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6 minutes ago, Tom Cherry said:

Certainly wonderful that the fix was easy.  As many say, MONACO did strange (perhaps unconventional and perplexing) things.  I don’t totally understand why there are two solenoids.  If it is reversing a motor, then you have to reverse the ground as well.

Did you find a print on this?  If so, please share?

Can you trace the two large cables for us.  All I can envision is TWO motors….OR A motor with TWO sets of windings…..and depending on which terminal you use, it runs in that direction.  Most of the hydraulic pump motors we encounter here are either a single direction…..and a single solenoid……OR a 6 terminal Single solenoid that reverses the polarity and that reverses the motor direction.

THAT is what is so mysterious about your circuit.  Rarely do we see a motor that has the reversing circuit inside.

Thanks in advance for helping us noodle this out and understand it…

X2 on this, make & model of the system would be useful to others in the future.

FWIW I've never seen a setup like that. 

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There are no prints that I have seen.  The only info on the motor is a label that is totally worn and can't be read.  Each wire going into the motor/pump activates the slide in a direction (blue to extend, green to retract plus third wire tied to hard chassis ground).  I can't tell if the motor is reversing or if there is a valve assembly inside.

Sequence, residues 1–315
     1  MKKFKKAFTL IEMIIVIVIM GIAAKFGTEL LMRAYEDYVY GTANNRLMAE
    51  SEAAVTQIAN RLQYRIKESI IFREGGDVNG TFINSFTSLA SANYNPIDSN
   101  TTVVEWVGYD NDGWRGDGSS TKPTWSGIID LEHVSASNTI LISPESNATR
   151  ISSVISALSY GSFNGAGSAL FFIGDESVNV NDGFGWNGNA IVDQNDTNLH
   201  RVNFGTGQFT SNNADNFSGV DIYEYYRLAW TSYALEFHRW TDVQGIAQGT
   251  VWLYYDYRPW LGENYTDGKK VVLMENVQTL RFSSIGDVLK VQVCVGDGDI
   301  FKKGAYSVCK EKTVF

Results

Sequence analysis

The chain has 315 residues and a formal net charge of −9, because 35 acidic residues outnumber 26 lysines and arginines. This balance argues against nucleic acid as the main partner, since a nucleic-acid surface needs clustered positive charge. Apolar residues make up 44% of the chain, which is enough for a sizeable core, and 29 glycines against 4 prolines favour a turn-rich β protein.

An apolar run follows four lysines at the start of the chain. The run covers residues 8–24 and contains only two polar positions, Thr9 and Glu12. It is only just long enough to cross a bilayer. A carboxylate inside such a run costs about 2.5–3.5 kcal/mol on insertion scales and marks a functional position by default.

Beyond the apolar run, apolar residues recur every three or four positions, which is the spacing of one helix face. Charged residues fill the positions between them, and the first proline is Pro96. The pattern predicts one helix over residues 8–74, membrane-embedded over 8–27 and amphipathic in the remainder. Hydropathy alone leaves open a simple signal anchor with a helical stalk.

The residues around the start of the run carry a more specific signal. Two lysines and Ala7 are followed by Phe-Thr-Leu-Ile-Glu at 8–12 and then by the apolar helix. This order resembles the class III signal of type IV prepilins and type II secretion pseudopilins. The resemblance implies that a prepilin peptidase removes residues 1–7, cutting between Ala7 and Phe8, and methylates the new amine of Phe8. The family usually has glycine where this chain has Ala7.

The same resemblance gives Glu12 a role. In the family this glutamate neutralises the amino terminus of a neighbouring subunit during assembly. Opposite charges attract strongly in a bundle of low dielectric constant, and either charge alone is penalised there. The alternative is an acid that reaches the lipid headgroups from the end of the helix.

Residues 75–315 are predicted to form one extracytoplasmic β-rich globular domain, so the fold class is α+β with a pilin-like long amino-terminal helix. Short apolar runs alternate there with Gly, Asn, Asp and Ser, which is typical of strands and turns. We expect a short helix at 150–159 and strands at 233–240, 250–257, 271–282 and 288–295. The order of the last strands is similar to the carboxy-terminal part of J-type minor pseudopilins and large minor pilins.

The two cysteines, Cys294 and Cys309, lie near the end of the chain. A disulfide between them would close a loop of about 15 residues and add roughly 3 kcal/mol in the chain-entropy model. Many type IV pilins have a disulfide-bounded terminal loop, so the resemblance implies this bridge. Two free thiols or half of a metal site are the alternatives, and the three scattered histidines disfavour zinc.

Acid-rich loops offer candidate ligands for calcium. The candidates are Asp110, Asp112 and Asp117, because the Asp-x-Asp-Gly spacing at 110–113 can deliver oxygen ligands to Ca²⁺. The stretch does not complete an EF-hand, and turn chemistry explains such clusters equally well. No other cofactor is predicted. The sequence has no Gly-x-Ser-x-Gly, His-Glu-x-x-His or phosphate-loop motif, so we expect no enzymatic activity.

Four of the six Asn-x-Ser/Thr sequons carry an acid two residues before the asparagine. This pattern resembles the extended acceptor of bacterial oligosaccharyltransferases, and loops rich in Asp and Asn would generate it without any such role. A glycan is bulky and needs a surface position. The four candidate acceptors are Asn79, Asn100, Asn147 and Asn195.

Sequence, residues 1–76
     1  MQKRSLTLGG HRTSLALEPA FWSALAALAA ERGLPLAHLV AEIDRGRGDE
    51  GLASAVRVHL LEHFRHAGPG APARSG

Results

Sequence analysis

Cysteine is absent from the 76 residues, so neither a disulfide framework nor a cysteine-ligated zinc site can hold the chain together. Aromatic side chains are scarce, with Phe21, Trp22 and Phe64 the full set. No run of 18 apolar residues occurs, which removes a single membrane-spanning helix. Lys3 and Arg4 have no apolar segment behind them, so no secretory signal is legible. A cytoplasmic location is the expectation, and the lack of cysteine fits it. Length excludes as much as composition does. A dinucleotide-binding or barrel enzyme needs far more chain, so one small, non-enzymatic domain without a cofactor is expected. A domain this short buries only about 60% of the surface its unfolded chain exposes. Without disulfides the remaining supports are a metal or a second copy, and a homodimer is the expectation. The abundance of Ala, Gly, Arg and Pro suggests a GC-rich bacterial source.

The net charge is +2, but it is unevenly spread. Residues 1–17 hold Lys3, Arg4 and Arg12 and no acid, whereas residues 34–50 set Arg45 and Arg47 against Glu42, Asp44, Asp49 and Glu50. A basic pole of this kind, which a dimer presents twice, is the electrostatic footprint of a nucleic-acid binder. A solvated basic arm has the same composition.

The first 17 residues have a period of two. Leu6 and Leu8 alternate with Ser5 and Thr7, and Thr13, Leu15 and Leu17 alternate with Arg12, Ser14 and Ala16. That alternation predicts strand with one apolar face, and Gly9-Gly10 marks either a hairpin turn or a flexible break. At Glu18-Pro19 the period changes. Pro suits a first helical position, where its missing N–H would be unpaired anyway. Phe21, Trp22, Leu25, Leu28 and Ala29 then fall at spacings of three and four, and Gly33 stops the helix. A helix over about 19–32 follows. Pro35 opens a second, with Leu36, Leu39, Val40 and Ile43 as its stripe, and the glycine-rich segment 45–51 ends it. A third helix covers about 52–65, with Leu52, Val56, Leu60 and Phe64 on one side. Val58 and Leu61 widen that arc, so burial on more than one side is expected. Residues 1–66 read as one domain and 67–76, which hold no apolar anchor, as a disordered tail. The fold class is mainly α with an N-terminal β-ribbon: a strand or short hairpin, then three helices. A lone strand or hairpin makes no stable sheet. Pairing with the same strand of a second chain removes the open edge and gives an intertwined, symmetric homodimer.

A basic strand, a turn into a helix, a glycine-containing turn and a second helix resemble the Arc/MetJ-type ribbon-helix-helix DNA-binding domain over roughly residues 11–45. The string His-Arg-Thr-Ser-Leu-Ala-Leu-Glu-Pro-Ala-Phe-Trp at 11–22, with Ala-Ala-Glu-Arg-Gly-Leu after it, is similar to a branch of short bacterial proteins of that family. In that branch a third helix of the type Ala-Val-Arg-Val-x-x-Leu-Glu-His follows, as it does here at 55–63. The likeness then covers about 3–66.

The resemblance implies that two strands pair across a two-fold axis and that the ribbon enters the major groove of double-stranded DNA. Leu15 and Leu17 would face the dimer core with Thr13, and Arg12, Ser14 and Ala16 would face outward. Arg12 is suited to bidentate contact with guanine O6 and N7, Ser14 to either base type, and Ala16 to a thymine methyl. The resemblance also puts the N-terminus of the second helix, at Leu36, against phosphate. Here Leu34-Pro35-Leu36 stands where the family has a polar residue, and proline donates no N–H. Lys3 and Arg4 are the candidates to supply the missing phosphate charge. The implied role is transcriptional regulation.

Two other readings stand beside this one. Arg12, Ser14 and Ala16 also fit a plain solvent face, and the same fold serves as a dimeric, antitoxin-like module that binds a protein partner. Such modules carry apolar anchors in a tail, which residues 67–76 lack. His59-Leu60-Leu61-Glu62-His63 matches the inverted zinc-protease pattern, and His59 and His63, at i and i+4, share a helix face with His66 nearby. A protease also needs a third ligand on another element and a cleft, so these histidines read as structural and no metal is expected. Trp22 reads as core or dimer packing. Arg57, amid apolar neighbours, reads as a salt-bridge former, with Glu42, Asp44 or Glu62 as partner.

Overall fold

My guess is a motor that has the 2 winding as you said and they are using 2 solenoids that are selected by the control switch(s) in the compartment to select which winding will be activated.  I guess they are using the 2 solenoids instead of the single 6 terminal.

The good thing is that this was a relatively easy fix using off the shelf parts.  If the motor goes bad that will be a different story!

Thanks for all the input.

 Tony and Doreen Chiulli

'03 Windsor, '05 Ram

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The saga continues.  I realized that when the generator is extended there is a huge open cavity next to the motor/pump. In this cavity one can kneel on the ground and look directly onto the motor/pump.  So here are some more pictures.  The 1st pic is the label on top of the motor that is badly worn.  I can make out "(something) Division" on top and the number "639875" and "108AM25-FLB 3H1".

It also shows (almost) the 3 wires going into the motor blue, green and black ground and the shiny backs of the 2 new solenoids.

 

2115891609_GenSlideCntrl_10.jpg.d272f1830e389c501c9115d0d09e6abb.jpg

These other pics are not too different views of the backs of the solenoids and the wires that go into the motor blue, green and black ground wire.

The smaller green wire to the left of the motor's blue wire is the ground wire from the front door step motor and not part of the slide circuit.

1808036725_GenSlideCntrl_11.jpg.975a87b597036d025afa98eeef82ee54.jpg 

 

The assembly is about 16 to18 inches long.

1883680241_GenSlideCntrl_12.jpg.fdc8754d9b05d313bb674b0492515a72.jpg

 

It looks like the wires are going into the motor and not the pump assembly so my guess; it is a reversing motor with the associated controlling solenoids.